Poe at 200

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Poe by Harry Clarke.

Happy birthday Edgar Allan Poe, born two hundred years ago today. I nearly missed this anniversary after a busy weekend. Rather than add to the mountain of praise for the writer, I thought I’d list some favourites among the numerous Poe-derived works in different media.

Illustrated books
For me the Harry Clarke edition of 1919 (later reworked with colour plates) has always been definitive. Many first-class artists have tried their hand at depicting Poe’s stories and poems, among them Aubrey Beardsley, Gustave Doré, Arthur Rackham, W Heath Robinson and Edmund Dulac; none complements the morbid atmosphere and florid prose as well as Clarke does. And if it’s horror you need, Clarke’s depiction of The Premature Burial could scarcely be improved upon.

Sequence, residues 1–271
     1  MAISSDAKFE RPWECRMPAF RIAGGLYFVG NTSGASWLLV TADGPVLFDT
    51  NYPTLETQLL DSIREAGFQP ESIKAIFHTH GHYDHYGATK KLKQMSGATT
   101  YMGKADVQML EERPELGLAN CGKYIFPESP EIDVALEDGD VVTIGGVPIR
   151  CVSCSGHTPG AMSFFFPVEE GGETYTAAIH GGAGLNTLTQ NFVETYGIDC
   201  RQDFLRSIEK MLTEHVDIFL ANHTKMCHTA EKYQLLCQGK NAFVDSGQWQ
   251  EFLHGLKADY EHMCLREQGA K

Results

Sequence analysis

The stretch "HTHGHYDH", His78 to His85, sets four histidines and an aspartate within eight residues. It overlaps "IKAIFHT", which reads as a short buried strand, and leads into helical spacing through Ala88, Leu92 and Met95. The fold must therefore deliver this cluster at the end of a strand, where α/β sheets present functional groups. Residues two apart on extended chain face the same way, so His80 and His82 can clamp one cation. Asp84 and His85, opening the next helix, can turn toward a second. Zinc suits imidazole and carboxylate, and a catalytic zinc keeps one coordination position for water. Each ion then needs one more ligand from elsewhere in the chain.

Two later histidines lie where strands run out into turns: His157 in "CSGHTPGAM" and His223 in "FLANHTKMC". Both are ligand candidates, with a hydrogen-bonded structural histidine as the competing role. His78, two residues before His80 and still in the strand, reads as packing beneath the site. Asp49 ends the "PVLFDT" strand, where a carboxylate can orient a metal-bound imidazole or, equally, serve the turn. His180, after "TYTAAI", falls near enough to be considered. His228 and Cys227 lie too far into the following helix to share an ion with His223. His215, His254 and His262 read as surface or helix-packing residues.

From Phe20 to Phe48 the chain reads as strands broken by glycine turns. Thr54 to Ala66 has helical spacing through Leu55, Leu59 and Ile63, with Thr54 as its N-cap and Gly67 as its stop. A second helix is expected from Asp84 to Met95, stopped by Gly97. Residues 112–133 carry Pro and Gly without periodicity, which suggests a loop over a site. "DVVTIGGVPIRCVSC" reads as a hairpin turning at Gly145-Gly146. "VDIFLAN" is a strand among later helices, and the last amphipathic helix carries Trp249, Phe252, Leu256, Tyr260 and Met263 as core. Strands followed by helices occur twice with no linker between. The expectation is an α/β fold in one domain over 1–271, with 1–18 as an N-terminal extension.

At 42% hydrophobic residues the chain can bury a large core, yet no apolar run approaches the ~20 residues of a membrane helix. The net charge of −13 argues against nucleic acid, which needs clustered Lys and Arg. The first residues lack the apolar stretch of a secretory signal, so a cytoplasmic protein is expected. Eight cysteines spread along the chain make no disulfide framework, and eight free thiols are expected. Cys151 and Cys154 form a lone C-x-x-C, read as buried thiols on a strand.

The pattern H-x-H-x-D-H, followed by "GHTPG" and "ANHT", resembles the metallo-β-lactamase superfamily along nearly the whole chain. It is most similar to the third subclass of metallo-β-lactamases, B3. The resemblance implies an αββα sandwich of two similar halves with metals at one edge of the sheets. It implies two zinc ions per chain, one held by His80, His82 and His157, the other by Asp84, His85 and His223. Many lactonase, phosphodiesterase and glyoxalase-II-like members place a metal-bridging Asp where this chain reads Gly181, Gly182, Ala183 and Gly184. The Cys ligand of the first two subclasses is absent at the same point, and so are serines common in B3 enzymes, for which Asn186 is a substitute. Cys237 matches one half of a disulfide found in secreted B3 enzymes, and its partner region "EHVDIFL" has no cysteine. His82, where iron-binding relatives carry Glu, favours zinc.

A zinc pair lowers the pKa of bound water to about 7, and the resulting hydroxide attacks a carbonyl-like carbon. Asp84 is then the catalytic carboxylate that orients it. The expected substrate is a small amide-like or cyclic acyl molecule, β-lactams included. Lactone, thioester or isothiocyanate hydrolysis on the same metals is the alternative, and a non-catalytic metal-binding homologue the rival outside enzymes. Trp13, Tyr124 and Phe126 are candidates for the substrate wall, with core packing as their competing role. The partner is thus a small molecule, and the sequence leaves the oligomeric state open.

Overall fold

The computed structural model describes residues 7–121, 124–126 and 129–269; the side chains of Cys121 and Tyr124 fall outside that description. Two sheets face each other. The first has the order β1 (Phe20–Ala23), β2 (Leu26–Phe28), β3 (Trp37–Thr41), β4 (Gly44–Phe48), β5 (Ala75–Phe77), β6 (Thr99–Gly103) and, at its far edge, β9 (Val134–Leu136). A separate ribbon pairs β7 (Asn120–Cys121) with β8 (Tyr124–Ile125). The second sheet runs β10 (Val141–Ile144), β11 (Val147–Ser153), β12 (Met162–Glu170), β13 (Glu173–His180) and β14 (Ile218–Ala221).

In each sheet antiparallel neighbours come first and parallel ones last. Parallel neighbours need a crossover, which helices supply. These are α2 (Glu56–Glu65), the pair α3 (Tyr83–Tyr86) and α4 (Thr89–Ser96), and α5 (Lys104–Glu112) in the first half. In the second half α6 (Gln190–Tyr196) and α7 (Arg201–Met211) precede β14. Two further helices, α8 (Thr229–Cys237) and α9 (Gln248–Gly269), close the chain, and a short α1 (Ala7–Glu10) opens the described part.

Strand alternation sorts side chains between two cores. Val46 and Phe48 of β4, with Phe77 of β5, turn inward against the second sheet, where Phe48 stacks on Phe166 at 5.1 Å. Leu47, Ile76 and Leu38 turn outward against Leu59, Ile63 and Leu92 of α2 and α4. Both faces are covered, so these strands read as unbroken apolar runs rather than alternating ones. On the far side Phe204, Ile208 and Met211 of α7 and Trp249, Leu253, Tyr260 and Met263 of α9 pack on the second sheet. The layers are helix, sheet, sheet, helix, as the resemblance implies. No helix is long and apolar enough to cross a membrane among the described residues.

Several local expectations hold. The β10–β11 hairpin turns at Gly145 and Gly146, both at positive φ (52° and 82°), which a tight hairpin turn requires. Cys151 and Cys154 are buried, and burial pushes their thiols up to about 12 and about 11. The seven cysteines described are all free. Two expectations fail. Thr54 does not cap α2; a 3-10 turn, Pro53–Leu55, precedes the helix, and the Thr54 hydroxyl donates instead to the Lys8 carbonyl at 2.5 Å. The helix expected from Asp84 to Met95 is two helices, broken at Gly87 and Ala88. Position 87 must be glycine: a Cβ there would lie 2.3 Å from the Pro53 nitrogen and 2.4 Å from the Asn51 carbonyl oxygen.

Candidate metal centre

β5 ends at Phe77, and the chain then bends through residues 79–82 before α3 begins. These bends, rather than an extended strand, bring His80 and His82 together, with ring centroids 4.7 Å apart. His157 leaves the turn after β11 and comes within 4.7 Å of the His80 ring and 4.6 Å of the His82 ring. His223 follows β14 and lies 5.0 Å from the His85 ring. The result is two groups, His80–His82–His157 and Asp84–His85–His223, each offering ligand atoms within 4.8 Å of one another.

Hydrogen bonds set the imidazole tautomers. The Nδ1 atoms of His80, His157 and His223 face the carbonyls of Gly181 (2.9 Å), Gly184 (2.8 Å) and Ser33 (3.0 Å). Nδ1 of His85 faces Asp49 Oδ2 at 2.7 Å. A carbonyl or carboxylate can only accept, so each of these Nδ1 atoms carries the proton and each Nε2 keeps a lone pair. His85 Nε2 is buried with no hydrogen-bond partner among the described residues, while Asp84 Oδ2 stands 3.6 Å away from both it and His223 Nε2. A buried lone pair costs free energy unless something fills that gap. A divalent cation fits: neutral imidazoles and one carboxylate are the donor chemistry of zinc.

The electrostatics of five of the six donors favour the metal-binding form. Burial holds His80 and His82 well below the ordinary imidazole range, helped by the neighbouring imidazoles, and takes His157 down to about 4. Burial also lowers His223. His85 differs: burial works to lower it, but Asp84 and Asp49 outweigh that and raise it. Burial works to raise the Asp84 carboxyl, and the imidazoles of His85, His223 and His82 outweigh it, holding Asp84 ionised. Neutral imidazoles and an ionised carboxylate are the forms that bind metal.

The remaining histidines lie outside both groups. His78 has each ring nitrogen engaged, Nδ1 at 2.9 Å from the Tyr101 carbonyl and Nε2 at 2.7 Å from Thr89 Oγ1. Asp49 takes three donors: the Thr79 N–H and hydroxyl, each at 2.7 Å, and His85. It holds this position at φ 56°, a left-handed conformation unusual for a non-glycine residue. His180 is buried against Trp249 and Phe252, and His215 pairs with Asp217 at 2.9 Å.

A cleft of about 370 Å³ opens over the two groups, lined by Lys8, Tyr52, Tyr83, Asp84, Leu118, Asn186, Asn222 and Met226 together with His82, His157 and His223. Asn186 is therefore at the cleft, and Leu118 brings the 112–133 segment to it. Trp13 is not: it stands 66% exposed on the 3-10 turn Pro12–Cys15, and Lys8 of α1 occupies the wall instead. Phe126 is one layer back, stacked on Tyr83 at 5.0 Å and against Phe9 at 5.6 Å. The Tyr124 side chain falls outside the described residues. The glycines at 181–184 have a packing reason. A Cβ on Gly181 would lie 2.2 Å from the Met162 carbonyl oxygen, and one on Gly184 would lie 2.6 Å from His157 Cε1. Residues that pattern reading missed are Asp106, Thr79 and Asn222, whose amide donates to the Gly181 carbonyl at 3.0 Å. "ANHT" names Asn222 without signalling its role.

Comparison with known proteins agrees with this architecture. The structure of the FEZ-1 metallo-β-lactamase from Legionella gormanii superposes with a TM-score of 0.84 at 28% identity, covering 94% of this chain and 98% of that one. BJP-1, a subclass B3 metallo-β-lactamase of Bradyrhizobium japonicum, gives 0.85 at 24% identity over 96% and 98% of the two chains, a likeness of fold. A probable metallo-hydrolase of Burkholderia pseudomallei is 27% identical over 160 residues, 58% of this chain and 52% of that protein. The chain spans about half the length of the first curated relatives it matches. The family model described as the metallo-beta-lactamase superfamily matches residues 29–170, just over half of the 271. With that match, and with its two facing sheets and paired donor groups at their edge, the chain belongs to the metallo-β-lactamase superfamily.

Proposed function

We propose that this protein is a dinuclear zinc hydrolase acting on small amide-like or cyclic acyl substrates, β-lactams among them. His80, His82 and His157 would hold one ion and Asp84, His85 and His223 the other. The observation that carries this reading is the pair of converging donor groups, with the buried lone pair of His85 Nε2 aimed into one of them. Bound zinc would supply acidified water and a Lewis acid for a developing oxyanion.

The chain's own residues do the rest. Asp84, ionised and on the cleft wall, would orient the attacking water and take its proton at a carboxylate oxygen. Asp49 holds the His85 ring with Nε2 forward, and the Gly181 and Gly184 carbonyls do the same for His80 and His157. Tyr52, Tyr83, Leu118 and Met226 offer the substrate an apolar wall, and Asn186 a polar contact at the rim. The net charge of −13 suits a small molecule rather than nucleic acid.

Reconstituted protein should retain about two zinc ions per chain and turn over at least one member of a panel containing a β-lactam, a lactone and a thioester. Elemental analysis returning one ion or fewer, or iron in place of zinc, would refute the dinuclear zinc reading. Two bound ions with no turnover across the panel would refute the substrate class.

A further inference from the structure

Honourable mention should be made of two less well-known works, Wilfried Sätty’s The Illustrated Edgar Allan Poe (1976) and Visions of Poe (1988) by Simon Marsden. I wrote about Sätty’s collage engravings in Strange Attractor 2, and Sätty’s style was eminently suited to Poe’s work. Marsden’s photographs of old castles and decaying mansions are justly celebrated but in book form often seem in search of a subject beyond a general Gothic spookiness or a recounting of spectral anecdotes. His selection of Poe stories and poems is a great match for the photos, one of which, a view of Monument Valley for The Colloquy of Monos and Una, was also used on a Picador cover for Blood Meridian by Cormac McCarthy.

Recordings
These are legion but among the outstanding one-off tracks I’d note two poems set to music, Dream Within a Dream from Propaganda‘s 1985 album, A Secret Wish, and The Lake by Antony & The Johnsons. The latter appeared on the landmark Golden Apples of the Sun compilation and also on Antony’s own The Lake EP.